Wednesday, 22 August 2012

Review: Lynyrd Skynyrd - Last of a Dyin' Breed

 I've always felt like an unwelcome member of the community of music fans for my dislike of Lynyrd Skynyrd's Sweet Home Alabama. What with it's lyrics boasting the joys of being a redneck and calling out of superior words of Neil Young, it seemed obnoxious and not something I'd agree with. And something that makes Lynyrd Skynyrd a perfect example of a band with which your first opportunity to hear them isn't necessarily the time to hear them at their finest, because the likes of Freebird, Simple Man and Call in the Breeze are all incredible works of classic rock and I know I could listen to many an album of theirs with no problem. And while thirteenth release Last of a Dyin' Breed is very much a hit and miss affair, ultimately one could come to the same agreement.

 Obviously, looking at Lynyrd Skynyrd now, there's been a notable amount of shifting in the band's lineup, with Johnny Van Zant and Gary Rossington being the only two original members now, so across the band's recent work, the focus has truly come down to these two. And in the case of Last of a Dyin' Breed, this considerable focus on Rossington is what provides the album with some of it's greatest hits. As the title track opens with a gentle array of blues riffage, a feeling of utmost class within their work has to be recognised.

 Rossington's prominent ability to mix this classic sound with that of a harder sound comes across effortlessly in the album's best moments whether it be the solid badassery of Life's Twisted and Poor Man's Dream, the swinging melodies of Low Down Dirty and the perfect balance between blues finesse and distortion that makes up One Day at a Time. Rossington proves why many... through and through Americans would happily refer to him one of the greatest guitarists of modern age in a way that really backs up their claims.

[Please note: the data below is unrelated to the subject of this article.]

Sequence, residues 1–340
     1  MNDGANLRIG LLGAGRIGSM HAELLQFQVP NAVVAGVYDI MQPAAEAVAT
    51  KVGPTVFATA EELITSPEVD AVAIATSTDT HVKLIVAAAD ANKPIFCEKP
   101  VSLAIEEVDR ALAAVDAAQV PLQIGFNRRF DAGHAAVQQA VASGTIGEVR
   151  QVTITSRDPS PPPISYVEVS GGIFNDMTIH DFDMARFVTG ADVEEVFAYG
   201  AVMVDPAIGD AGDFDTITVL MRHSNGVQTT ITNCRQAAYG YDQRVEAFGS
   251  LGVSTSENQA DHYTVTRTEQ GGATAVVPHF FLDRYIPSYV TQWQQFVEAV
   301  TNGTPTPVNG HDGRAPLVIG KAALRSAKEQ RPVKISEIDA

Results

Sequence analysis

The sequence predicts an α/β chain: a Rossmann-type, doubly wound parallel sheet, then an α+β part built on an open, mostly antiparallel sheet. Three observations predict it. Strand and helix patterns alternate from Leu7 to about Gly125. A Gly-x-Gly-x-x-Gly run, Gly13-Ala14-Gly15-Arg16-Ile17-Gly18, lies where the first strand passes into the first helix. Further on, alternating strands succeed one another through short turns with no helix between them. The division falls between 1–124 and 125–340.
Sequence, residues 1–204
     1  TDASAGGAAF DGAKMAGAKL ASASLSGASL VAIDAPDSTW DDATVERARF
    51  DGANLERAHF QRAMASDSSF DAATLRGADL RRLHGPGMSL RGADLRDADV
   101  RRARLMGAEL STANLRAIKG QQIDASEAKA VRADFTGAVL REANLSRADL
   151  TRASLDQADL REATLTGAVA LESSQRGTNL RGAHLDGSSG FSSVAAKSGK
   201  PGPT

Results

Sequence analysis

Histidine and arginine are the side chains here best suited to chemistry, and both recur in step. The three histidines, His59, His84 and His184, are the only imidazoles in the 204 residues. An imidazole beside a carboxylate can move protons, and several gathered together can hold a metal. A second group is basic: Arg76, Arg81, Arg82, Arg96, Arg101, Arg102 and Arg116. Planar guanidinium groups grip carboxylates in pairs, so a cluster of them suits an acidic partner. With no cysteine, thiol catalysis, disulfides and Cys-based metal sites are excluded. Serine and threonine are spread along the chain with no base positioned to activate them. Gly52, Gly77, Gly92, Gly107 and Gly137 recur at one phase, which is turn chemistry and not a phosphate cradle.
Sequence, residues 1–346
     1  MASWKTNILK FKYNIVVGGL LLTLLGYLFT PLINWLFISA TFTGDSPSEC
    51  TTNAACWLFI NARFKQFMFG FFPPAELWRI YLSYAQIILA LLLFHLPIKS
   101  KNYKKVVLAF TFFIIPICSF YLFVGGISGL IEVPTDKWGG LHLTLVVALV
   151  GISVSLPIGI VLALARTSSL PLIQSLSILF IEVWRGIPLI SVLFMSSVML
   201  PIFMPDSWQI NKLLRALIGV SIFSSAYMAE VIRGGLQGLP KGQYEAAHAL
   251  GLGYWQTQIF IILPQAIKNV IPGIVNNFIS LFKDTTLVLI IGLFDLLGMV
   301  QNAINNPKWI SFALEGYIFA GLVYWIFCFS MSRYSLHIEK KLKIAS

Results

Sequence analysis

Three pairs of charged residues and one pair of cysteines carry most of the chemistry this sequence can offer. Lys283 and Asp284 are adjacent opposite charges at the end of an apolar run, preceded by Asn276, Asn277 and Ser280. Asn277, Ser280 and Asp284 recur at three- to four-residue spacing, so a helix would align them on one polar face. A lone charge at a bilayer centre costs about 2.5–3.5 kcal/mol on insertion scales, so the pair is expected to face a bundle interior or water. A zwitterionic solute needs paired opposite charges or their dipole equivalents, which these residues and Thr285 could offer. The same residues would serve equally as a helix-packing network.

While Van Zant proves himself to still possess a powerful set of pipes and has a performance that really compliments Rossington's best moments, I can't personally get too into his overall performance because well, with the exception of what has become known as Southern rock, it's incorporation into hardcore music, traditional blues music and a few other important exceptions, I've never been particularly keen on a lot of music to originate from the South of the USA. Country based music, again with a few important exceptions, it's not for me. And as always, Lynyrd Skynyrd delve excessively into this type of music and the balladry of Ready to Fly and Something to Believe In may be felt by some people but not by me, my friends. It's performances here that are most reliant on Van Zant's performance to deliver the full effect, but I really don't feel it. Further performances of Mississippi Blood and Van Zant's discussion about how it takes most of his money to fill his pickup truck on Nothing Comes Easy have a tendency to sound like parodies of redneck country anthems that just can't be taken seriously.

 So, Lynyrd Skynyrd achieve for me what they've managed with every album and created something that one could easily sit through albeit having to go through a few tracks that are just too Southern, however the amount of rock and roll that can be provided elsewhere provides a forgivable balance. The album comes with no such thing as a sing-along ballad, which by Lynyrd Skynyrd's account is Sweet Home Alabama so, thank goodness for that, meaning listening to the album as a full set of songs is the best way to appreciate it. So if you are feeling in the mood for some Southern rock done as it should be, Last of a Dyin' Breed is another album that provides a perfect amount of riffs and moonshine. God, I know nothing about the South.

Lynyrd Skynyrd's Last of a Dyin' Breed is out now via Roadrunner. The band will tour the UK in November.

No comments:

Post a Comment